While the commentariat has spent the summer talking about the subprime crisis and the credit crunch like they’re interchangeable, it would seem that the former is only just coming home to roost.
Having weathered the storm through August and September, October has been disastrous for CDOs. The value of the leading tracker indices has plummeted as the rating agencies have rushed to downgrade senior debt across the CDO spectrum.
It’s all been part of a subprime chain reaction. First there was all that bearish housing news in September - which markets ignored because the Fed had cut rates, equities were rallying and CDS spreads were tightening.
Second, the rating agencies hit mortgage backed securities. That bad housing news - rising subprime delinquencies and a sector which looked like it was heading for a recession fed into the outlook for MBS. On October 8 Fitch downgraded $18.4bn of MBS. Then, on the 11th, Moody’s followed suit with $33.4bn in MBS downgrades. Five days later and Standard & Poor’s joined in - cutting ratings on $23.25bn of subprime securities. And again, three days later, on a further $22bn.
And then, predictably, CDOs - chock full of MBS - came in line for downgrades: On October 22 Standard & Poor’s said it could cut ratings on $21bn of CDOs. Moody’s said it would do the same with $33.4bn on October 26, and on October 29, Fitch said it was reviewing ratings on all $300bn of CDOs out there. Moody’s not wanting to be outdone went one further: saying this Wednesday that it could downgrade 500 CDO deals by tomorrow.
Little wonder then, that the main tracker indices have crashed in the past couple of weeks:
For asset backed securities:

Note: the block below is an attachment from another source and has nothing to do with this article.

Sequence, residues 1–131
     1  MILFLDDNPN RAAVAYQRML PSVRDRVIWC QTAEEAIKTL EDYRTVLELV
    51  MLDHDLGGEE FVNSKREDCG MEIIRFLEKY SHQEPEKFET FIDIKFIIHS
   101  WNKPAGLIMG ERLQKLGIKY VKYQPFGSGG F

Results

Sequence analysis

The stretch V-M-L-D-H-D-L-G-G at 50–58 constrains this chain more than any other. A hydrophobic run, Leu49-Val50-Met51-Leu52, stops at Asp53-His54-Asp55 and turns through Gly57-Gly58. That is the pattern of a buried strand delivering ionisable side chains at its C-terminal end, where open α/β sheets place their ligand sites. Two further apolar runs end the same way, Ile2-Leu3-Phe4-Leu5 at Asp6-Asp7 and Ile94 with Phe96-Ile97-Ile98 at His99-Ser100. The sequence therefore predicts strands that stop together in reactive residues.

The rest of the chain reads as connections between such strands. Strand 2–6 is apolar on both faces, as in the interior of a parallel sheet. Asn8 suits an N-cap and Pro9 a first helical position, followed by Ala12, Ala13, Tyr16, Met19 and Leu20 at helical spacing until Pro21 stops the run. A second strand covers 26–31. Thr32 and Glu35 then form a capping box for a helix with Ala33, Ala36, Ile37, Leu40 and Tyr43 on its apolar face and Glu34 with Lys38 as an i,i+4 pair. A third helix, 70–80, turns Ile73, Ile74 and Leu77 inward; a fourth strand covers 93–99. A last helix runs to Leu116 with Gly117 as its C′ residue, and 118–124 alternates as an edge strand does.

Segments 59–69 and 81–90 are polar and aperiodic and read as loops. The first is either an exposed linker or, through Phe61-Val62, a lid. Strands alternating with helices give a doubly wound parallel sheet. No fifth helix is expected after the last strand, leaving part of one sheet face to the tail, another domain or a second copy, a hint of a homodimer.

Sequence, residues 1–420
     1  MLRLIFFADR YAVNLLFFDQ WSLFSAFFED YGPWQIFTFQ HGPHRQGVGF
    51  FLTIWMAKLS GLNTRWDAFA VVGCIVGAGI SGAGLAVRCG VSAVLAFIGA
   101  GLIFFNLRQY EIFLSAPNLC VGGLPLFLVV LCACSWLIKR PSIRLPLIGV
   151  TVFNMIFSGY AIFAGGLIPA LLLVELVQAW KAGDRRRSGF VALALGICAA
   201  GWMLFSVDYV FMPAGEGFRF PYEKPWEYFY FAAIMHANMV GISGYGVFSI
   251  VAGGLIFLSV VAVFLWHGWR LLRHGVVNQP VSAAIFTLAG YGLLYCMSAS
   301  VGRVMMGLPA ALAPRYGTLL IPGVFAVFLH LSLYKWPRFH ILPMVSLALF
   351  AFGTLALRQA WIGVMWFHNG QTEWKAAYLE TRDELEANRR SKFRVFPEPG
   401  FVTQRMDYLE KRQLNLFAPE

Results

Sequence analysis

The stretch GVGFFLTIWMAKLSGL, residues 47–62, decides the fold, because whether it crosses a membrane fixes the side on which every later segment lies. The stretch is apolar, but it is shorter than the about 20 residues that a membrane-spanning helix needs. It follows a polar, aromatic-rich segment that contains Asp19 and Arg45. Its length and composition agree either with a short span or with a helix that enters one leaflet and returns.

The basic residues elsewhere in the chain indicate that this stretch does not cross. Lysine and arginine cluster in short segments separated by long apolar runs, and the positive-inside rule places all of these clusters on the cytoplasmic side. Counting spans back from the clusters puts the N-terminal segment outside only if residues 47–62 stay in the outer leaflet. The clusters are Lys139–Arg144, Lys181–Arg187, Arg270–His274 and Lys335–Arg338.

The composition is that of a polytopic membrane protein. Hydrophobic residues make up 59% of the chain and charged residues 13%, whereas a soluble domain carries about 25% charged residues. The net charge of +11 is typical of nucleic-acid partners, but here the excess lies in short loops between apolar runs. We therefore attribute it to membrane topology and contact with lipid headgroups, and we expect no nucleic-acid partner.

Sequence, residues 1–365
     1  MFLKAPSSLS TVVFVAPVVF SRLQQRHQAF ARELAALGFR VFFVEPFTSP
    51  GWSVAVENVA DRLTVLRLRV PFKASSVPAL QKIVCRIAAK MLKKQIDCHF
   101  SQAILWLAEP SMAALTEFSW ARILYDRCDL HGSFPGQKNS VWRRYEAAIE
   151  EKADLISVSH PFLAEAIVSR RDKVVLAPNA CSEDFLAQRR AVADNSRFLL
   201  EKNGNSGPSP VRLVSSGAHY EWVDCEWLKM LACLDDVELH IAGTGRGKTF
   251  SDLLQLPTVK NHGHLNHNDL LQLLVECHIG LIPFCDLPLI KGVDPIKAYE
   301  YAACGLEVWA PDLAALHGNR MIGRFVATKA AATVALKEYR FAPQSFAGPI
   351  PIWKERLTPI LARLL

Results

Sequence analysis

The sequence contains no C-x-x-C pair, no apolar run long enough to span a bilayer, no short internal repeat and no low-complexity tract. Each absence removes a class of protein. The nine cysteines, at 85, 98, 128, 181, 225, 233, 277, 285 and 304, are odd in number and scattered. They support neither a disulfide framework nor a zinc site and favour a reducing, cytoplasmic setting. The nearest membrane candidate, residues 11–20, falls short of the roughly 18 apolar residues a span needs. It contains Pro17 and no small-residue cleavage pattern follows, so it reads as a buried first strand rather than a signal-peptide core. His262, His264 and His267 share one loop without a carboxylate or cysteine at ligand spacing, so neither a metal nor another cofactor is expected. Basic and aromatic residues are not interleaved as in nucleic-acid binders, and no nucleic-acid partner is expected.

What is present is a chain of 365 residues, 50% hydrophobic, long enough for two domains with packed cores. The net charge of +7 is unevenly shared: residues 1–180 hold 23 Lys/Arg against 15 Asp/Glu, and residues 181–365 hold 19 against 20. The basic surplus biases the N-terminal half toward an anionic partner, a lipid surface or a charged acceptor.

And that’s the AAA tranche - currently worth just over 80 cents in the dollar. AA is predictably worse:
Just under 50 cents in the dollar. For an AA rated security.
For CDO’s themselves it doesn’t look any better. Take the TABX, which is a useful proxy for CDO prices:
So why is the AAA taking a battering? CDOs are opaque and generic. Investors bought CDO paper purely on the back of its ratings. What’s spooking people are some of the shock downgrades - Moody’s, for example, cut the Aaa rated trance of a CDO issue called Vertical 07-01, issued by the absurd-sounding Vertical Capital, by fourteen notches to B2. In one go.
Some are sanguine. The Fed rate cut on Wednesday provoked a small return in confidence - evident in the graphs above. And Pimco has announced it’s going to invest heavily in CDOs. The fund said it bought $5bn of CDOs over the past few weeks, and intends to buy another $2bn in the next couple.
But on the other hand, evidence from the US housing market would suggest there’s plenty of pain yet to work itself out of the system. Given the way subprime delinquencies are set to carry on rising into 2008, there could yet be a lot of subprime, Alt-A and even prime securities to be downgraded.
And some CDOs themselves are beginning to crack. Moody’s said seven have experience “events of default” on Wednesday. And true to their word, they’ve downgraded tranche after tranche of CDO debt since then.
What’s more, since the CDO markets have crashed in the last few weeks, writedowns in banks’ Q3s - only just reported - are likely to be much worse. Citi, for example, reported writedowns totalling $1.3bn on subprime MBS it had warehoused for use in CDOs. That was on October 1. The graphs above give a pretty good indication of where the market has moved since then.